Authors: Briana Lees, Mieke Snijder, Lexine Stapinski, James Ward, Nicola Newton, Katrina Champion, Cath Chapman, Maree Teeson
Event: 2017 TheMHS Conference
Subject: Research & Evaluation Informing Practice,Service Systems, Delivery, Implementation,Promotion, Prevention, Early Intervention
Type of resource: Conference Presentations and Papers
Abstract: Mental disorders are the second largest burden of disease for Indigenous people, with alcohol misuse the second leading cause. The results of a systematic review on substance use prevention programs for Indigenous youth in English-speaking countries are presented in order to guide new initiatives in Australia.
Eight peer-reviewed databases were systematically searched and identified 22 evaluations of substance use prevention programs for Indigenous youth in Australia, New Zealand, United States of America and Canada. Standardised tools were used to assess the quality of quantitative and qualitative evaluation methods.
The review identified mainstream programs that are culturally adapted as more effective than cultural-based and unadapted programs. Community programs reported consistent effectiveness, but poor quality of the evaluation methods. School-based programs found mixed results and had moderate to poor quality of the evaluation methods. Evaluations conducted in Australia were consistently identified as poor, highlighting the need for an evidenced-based high quality intervention.
The review highlighted the importance of partnerships between Indigenous members and researchers in the development and facilitation of programs. Cultural enhancement and substance education were identified as key modules. The implications of these findings for the development of culturally-appropriate substance use prevention programs for Indigenous youth will be discussed.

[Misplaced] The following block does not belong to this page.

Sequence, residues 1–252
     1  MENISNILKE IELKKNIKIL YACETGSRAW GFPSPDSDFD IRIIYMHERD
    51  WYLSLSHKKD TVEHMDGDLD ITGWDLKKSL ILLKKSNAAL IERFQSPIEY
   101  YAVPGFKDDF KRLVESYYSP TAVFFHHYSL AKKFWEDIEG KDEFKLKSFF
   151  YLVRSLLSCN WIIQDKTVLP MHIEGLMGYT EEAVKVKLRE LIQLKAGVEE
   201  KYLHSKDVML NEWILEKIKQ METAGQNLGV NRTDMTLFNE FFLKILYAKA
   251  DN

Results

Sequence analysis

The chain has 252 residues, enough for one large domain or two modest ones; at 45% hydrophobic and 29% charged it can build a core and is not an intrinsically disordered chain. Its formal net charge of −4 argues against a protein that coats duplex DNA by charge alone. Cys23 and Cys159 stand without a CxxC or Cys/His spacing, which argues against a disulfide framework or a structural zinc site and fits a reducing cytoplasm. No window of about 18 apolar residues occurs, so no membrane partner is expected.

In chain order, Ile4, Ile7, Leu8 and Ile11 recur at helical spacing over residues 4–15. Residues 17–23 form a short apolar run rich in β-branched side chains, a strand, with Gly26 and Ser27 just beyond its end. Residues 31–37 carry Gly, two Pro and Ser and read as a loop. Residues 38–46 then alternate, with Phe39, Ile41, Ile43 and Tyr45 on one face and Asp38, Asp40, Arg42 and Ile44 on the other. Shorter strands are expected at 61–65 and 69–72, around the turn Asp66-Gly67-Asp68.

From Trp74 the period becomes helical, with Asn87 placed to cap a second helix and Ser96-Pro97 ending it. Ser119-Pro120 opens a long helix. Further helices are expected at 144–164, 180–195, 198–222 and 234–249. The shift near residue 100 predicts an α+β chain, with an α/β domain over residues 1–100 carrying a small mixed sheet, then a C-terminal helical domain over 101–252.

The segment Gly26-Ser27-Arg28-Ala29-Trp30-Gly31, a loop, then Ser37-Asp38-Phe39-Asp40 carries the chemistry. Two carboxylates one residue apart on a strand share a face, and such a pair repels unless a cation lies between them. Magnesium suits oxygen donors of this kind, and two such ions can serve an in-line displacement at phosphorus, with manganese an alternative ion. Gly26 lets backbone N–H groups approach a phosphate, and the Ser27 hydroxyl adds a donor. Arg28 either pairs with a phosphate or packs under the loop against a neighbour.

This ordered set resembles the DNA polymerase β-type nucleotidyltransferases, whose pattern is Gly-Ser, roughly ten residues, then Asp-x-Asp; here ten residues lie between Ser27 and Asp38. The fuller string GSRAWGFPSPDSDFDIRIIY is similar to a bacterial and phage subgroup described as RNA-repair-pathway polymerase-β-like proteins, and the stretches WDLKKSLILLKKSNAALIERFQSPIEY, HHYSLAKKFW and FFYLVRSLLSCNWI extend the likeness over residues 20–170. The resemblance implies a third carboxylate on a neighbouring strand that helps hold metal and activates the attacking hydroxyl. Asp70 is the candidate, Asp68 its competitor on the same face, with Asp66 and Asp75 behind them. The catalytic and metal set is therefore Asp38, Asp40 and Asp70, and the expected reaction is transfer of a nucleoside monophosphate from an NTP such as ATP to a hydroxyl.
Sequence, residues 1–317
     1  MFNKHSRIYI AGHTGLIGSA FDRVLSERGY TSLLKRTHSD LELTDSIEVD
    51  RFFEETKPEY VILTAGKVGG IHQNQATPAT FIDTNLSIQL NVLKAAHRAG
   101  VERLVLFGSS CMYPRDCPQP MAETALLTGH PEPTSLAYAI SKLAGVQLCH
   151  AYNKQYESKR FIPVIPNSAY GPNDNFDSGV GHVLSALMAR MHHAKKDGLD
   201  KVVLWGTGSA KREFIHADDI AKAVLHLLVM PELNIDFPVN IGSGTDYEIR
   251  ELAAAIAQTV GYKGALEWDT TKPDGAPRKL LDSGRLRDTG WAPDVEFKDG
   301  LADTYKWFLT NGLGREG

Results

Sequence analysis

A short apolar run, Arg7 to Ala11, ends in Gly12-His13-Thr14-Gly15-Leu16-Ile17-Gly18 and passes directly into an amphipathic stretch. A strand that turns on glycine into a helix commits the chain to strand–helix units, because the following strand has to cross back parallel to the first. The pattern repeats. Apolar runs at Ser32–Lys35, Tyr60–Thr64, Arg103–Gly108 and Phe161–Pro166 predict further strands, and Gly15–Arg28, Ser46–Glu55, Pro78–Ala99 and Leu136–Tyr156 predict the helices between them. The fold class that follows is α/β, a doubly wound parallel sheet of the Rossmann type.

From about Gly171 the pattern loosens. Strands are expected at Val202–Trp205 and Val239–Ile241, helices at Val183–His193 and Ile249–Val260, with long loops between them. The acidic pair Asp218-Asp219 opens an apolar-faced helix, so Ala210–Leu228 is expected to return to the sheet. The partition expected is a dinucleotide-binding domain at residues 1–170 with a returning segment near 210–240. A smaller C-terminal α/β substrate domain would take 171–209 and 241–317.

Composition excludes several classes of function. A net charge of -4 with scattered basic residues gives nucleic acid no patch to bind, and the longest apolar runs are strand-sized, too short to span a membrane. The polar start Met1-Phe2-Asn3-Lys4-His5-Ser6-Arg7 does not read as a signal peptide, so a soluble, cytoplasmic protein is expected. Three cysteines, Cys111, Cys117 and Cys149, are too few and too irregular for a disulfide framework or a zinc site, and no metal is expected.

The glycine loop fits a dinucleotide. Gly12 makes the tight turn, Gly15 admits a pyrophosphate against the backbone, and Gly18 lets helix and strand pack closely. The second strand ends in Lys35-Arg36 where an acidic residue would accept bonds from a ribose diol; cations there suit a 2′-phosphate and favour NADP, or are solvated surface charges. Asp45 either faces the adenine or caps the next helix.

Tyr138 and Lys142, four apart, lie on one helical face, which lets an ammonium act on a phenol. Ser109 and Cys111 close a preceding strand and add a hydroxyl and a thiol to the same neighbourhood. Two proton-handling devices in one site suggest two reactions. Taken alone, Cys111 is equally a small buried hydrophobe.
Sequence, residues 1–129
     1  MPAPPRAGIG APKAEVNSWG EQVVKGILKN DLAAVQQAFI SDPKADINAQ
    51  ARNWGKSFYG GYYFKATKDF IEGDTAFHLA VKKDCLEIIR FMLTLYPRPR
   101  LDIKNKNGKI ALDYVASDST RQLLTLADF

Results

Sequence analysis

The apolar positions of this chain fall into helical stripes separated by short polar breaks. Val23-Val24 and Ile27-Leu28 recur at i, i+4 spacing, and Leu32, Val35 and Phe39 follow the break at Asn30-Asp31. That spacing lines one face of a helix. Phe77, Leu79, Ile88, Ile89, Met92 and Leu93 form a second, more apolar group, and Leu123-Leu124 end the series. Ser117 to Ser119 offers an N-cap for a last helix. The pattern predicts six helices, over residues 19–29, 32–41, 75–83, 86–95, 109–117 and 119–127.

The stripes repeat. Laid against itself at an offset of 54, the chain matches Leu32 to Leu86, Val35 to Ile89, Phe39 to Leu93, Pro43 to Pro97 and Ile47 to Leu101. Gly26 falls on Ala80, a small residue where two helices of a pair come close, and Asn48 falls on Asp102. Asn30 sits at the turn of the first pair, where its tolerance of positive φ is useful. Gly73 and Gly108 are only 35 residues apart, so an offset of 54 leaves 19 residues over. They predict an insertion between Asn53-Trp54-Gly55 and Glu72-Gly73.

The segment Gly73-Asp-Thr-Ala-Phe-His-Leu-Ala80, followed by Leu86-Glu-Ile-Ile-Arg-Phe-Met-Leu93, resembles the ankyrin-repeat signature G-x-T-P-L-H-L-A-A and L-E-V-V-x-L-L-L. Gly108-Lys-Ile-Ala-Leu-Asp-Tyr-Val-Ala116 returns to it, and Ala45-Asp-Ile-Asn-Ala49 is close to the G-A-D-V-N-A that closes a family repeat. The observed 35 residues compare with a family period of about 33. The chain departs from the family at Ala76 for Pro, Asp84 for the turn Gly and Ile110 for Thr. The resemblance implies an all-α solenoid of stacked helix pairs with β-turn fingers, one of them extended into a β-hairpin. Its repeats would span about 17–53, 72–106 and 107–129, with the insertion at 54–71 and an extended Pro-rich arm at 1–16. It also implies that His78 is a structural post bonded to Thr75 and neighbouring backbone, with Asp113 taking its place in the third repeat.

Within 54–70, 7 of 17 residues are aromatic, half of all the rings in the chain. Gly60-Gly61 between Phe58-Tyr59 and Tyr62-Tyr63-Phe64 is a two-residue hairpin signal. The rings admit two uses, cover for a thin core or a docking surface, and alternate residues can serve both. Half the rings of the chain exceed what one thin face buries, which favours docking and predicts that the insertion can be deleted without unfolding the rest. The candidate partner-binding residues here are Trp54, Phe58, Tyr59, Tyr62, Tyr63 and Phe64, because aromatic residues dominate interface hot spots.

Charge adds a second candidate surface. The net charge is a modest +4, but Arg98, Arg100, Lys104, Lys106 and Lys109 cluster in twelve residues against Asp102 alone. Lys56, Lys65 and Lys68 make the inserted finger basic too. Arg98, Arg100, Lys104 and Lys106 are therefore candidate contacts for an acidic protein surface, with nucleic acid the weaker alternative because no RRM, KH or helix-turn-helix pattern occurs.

Learning Objective 1: Substance prevention initiatives for young Indigenous people within Australia are currently lacking and in the past have been a low quality standard. The implementation of a high quality, evidence-informed prevention program to reduce alcohol and drug-related harms among young Indigenous people is required.
Learning Objective 2: Alcohol misuse is the second leading cause of mental health disorders among Indigenous Australians. This systematic review was aimed at identifying the best preventative programs for substance initiation and reducing frequency of use among Indigenous youth.
Vos, T., Barker, B., Stanley, L., & Lopez, A. (2007). The burden of disease and injury in Aboriginal and Torres Strait Islander peoples 2003. Brisbane: University of Queensland.
Australian Institute of Health and Welfare. (2011). The health and welfare of Australia’s Aboriginal and Torres Strait Islander people, an overview. Canberra: AIHW.
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